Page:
While the subprime meltdown kept reverberating through global credit markets during the past two weeks, a breakthrough transaction quietly priced in Brazil, and ironically, the deal is a securitization of residential mortgages.
On August 10, Banco ABN Amro Real sold a R$99.3 million ($48.8 million) RMBS, with the R$86.4 million senior piece going for 9.57% over the Taxa Referencial de Juros (TRJ), a savings deposit index, according to a market source familiar with the deal. The yield means the deal priced at a premium of 101.59, testament to the appetite for this novel instrument, while the rest of the world was caught in the subprime whirligig. Retail investors bought into a third of the senior notes, with banks grabbing the rest.
Fitch Ratings gave the senior piece a AA(bra)' rating on the national scale.
The transaction is apparently the first 15-year domestic deal from a nonpublic entity and the first security linked to the TRJ. But there's another reason it might one day be remembered as a watershed: It is the first RMBS in Brazil from a commercial bank in recent memory. A market dominated by construction companies cranking out tiny volumes could start witnessing the arrival of the big boys.
While the environment in Brazil is much more conducive today to bank-driven RMBS than only a couple of years ago, there are still obstacles to building a sector the size of Mexico's or of other advanced emerging markets.
One of the most welcome recent changes in Brazil is the introduction of the fiduciary lien. In a fiduciary lien, the bank holds the title, which streamlines the process of foreclosure by making it more difficult for a defaulted borrower to go to the courts to forestall a home's repossession. This contrasts markedly with the traditional mortgage in Brazil, where foreclosure typically takes seven to eight years, according to Bernardo Costa, an analyst with Fitch Ratings. A bank can repossess a house with a fiduciary lien in as quickly as a year, although the process can take up to two years if the bank attempts to reschedule the borrower's debt payments. The fiduciary lien was created in 1997 but started to catch on only in the past few years.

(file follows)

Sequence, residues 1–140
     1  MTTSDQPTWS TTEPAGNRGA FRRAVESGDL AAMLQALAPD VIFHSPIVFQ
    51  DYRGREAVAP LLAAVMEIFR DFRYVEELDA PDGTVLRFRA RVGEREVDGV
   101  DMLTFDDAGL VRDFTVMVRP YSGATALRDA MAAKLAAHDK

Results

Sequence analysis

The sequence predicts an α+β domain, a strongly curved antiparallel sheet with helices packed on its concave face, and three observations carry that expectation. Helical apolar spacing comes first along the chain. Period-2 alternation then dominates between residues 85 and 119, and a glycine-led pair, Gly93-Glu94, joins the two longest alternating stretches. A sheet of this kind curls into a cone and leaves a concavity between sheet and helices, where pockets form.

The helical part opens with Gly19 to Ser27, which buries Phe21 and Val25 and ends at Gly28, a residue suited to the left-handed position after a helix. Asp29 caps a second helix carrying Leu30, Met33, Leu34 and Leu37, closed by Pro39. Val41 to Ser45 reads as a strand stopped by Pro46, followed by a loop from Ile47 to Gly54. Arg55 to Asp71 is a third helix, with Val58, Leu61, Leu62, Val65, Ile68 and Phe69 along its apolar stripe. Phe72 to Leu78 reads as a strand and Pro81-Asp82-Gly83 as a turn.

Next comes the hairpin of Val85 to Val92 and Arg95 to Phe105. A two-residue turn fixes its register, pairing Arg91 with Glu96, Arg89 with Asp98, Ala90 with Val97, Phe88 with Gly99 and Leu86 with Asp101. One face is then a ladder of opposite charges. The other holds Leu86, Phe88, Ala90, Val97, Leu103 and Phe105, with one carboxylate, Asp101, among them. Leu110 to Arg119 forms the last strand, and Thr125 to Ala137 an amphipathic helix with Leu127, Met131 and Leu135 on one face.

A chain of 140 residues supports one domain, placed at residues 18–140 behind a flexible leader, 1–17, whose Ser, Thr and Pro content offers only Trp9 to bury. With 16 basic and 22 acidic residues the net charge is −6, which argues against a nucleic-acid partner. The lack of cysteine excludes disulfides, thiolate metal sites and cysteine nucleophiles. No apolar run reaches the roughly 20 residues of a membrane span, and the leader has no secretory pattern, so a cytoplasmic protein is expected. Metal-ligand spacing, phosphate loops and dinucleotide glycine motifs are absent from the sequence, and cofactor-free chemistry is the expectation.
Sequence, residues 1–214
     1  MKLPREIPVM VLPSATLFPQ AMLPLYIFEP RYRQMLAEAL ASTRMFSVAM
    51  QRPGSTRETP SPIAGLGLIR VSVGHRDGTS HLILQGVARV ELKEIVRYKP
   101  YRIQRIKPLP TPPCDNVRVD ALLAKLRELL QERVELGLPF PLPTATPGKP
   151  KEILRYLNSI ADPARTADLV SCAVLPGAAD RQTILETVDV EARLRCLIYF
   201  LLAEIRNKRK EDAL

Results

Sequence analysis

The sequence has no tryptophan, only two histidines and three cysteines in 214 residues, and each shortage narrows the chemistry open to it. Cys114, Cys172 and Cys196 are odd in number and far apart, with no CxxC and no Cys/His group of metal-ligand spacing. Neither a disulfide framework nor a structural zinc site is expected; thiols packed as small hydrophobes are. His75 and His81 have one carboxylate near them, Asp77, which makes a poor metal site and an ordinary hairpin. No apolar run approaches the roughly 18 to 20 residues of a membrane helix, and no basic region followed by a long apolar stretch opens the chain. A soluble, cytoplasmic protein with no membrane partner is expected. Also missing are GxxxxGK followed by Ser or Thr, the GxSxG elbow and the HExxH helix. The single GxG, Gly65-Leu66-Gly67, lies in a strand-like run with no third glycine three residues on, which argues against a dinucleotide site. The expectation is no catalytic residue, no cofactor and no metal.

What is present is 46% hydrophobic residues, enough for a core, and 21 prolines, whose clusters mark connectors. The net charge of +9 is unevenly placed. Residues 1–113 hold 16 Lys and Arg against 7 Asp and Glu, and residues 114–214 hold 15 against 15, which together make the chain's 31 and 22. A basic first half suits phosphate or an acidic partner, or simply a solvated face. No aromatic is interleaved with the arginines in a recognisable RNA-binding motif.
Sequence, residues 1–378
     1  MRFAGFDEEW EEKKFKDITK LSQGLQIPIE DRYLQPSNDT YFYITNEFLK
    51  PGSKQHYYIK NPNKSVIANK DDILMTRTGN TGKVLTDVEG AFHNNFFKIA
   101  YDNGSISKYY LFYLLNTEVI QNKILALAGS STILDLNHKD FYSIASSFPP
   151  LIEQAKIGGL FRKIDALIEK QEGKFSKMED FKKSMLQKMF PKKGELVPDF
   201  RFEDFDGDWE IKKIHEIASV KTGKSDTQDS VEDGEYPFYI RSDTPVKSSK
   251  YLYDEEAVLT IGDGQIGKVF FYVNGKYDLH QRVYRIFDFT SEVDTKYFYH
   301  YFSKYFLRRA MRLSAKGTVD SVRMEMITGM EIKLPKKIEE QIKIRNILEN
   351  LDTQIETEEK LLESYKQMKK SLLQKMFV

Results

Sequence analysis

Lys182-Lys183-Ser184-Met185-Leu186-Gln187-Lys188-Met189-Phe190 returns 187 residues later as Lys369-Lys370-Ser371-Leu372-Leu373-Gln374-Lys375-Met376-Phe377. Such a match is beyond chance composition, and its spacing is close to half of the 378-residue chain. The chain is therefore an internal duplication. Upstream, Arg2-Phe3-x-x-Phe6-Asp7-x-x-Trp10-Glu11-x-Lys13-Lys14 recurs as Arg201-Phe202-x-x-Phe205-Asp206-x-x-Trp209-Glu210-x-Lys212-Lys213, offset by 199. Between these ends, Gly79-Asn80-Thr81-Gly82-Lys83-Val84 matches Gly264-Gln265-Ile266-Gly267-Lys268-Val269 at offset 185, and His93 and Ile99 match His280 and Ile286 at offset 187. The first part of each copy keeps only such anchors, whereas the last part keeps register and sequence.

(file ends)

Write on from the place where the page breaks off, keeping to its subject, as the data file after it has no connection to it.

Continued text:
In the case of ABN's deal, fiduciary liens consist of 30% of the underlying pool, while traditional mortgages make up the other 70%. But with current origination skewed to fiduciary liens, future RMBS are expected to hold more and more of this type of loan.
More confident in their ability to enforce a defaulted fiduciary lien, banks have been able to improve terms for borrowers. That, coupled with falling interest rates, has sped up origination. Also, retail investors now enjoy an exemption on withholding tax for any RMBS they hold. This was clearly a draw for retail buyers in ABN's deal, according to the market source. This class of investor might prove a reliable base of buy-siders for future RMBS as well.
A few wrinkles remain, however. A particularly irritating one for bank originators is a local regulation requiring them to keep 65% of their assets in real estate-related investments. As these are broadly defined, the assets don't have to be mortgages. But the rule still acts as a disincentive to sweep mortgages off the balance sheet. Some players are hoping that once regulators see an RMBS market starting to function, banks can effectively lobby to have this rule eliminated or changed in order to foster more securitization.
A recent report by Standard & Poor's also cited the lack of standardization and regulatory uncertainty as two other hurdles to an active RMBS market.
Most RMBS so far in Brazil have come from construction companies. Often they originate the loan to a borrower while the project is still being built, according to Costa. Since they don't have the same credit checks or salary verification systems as banks, this is a way the lender can protect itself against shaky borrowers. "If [the borrower] defaults during the construction, you don't have to kick anyone out," Costa said.
ABN Amro's transaction was backed by a pool of fiduciary liens and traditional mortgages with a weighted average seasoning of 27.3 months, a weighted average LTV of 43.67%, and an average property value of R$323,086. The property value corresponds mostly to mid-to-high income borrowers, with 80% of the mortgages located in the state of Sao Paulo. Costa said that a good deal of the borrowers were existing ABN clients, and that the bank had a reliable internal scoring system for them.
Oliveira Trust is the fiduciary agent on ABN's deal, a role analogous to the backup trustee in the U.S. Brazilian Securities, the securitization company that issued the deal, also performs trustee functions.
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